Is It Getting Serious?: Important Deep Questions to Ask Your Partner

ask questions in a relationship

If a couple has been together long enough, eventually they reach a point where one or both begins to question how serious the relationship is. Usually the questions involve whether or not to take a big step in the relationship, such as becoming exclusive, meeting the family, or getting married. Every couple moves at their own pace and comfort level with how they want the relationship to progress. Wherever you are in your relationship, whether it be newly dating to married for decades, there are certain questions you can ask to better know your partner. Asking deep questions can provide insight into your partner and the state of your relationship. Ideally, these questions would be asked early in the relationship. However, it is never too late to ask important questions to know your partner better. Here are eight deep questions to get you started:

 What are your core values or beliefs?

Knowing someone’s core values or beliefs can be a great place to start when considering compatibility. Also, it can quickly open a window into the person’s soul. It tells you what is most important to them.

 What motivates you?

The goal with this question is to pursue answers beyond the superficial. Sure, most people are motivated by success, but there is usually much more beneath the surface that will reveal their character.

 How do you see the world?

This question can bring to light how your partner perceives things in general. It can help decipher what attitudes or tendencies they might have. It can also provide insight into certain reactions they may have to certain events or experiences.

 How do you see people?

Their answer will potentially give you an idea of how they view relationships. It can also provide insight into how they perceive expectations when entering into relationships.

 How do you see yourself?

This question will likely be difficult for most people to answer, especially on the spot. Ideally, you will get an honest and open response. How someone sees themselves affects the lens by which they view nearly everything and affects the way they respond to others.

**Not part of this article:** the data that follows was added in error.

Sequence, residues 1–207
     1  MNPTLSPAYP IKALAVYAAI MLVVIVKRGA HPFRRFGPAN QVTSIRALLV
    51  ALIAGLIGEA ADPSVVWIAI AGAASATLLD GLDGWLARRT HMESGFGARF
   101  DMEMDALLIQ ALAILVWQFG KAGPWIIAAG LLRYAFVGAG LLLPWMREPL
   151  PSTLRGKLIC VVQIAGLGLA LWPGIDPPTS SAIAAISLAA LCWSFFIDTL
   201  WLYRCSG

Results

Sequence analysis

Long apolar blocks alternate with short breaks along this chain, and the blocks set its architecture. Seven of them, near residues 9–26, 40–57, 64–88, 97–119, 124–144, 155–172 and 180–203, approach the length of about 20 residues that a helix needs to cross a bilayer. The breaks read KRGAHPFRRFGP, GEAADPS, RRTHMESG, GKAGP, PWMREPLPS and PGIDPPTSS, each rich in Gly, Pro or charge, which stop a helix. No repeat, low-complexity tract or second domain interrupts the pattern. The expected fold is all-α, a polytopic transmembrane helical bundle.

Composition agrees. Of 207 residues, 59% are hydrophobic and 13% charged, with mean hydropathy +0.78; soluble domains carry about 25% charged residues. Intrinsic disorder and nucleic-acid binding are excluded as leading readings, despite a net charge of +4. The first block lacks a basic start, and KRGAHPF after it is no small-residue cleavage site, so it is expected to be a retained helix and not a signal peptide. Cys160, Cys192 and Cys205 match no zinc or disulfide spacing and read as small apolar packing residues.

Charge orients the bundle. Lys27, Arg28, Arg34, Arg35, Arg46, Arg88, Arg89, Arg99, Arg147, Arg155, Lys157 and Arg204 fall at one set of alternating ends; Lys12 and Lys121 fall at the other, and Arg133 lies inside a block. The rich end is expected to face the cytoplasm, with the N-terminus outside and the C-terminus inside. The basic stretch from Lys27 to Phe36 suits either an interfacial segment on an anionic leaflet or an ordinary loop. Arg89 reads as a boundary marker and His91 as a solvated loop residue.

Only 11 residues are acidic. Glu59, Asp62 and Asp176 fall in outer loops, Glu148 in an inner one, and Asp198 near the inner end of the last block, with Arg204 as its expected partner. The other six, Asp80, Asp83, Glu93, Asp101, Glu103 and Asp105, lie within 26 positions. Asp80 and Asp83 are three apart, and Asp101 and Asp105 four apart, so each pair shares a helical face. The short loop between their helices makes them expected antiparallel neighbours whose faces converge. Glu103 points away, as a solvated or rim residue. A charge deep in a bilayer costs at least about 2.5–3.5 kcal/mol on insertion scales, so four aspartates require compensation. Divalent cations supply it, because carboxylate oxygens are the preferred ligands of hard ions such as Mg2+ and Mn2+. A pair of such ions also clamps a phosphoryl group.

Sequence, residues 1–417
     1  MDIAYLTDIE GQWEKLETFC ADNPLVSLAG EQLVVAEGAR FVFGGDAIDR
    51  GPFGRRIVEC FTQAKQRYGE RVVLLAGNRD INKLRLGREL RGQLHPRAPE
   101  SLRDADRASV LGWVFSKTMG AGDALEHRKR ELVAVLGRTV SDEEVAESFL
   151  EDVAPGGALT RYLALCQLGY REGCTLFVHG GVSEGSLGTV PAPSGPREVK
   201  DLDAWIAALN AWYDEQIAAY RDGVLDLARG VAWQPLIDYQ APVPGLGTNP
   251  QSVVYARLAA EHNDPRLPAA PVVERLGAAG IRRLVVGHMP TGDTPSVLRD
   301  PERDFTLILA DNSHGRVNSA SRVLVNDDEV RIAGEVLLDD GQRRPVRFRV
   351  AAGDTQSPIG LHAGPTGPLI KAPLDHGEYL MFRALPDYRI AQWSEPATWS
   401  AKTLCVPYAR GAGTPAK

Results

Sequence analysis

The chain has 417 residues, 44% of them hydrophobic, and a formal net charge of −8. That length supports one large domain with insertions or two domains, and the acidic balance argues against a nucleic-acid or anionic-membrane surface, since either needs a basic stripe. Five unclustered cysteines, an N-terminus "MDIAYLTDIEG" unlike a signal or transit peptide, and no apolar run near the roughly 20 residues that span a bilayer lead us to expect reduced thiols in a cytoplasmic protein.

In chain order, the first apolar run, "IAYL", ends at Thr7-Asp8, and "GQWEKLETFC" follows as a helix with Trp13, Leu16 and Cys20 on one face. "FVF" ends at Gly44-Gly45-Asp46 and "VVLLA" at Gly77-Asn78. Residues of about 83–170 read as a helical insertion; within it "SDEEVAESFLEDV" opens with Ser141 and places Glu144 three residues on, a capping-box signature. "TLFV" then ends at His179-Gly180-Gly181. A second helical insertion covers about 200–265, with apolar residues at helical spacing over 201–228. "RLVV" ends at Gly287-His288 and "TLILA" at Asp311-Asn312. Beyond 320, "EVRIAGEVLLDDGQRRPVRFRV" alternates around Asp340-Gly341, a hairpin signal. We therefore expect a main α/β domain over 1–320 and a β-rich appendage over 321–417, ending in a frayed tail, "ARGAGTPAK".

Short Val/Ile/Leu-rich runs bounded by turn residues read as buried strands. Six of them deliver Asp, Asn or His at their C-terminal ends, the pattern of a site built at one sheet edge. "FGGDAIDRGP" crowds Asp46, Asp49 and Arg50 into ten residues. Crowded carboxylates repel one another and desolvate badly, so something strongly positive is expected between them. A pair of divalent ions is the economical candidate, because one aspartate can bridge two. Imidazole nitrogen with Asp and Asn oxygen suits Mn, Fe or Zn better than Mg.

What do you want out of life?

While this question is helpful in assessing compatibility, it can be an important question to ask throughout the relationship. Interests and goals can change, so it is important to know if you are headed on a similar trajectory or in opposite directions.

 What in life has made you who you are?

This is a very open-ended question that hopefully elicits insightful responses. Not only can the answers help couples know each other more deeply, but they can highlight powerful life moments that contributed to forming the person. They can also shed light on the person your partner is becoming.

 What has provoked change in your life for the good and/or the bad?

Although similar to the question above, this question can allow for more clarification. It helps you identify moments that specifically changed your partner. The answers will help you understand who you partner is and allow you to see how your partner views themselves.

These questions can provide a great starting point for deepening your relationship with your partner. Whether you are just getting to know someone or have been together for a long time, it is never too late to strengthen and grow your relationship with someone you care for deeply.

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Michelle Overman LMFT

Michelle Overman is a Licensed Marriage & Family Therapist working as a counselor for students, faculty, and staff at Abilene Christian University in Abilene, Texas. She also has a special interest in working with athletes and has been bridging the gap between athletics and mental health at ACU. She is in the process of becoming a Certified Mental Performance Consultant to further her expertise in sports psychology. Prior to her move to Abilene, Michelle ran her own private practice in Austin, Texas where she worked with a diverse population, including couples and families. Michelle earned a Master’s in Marriage & Family Therapy and has been working in the field for 6 years.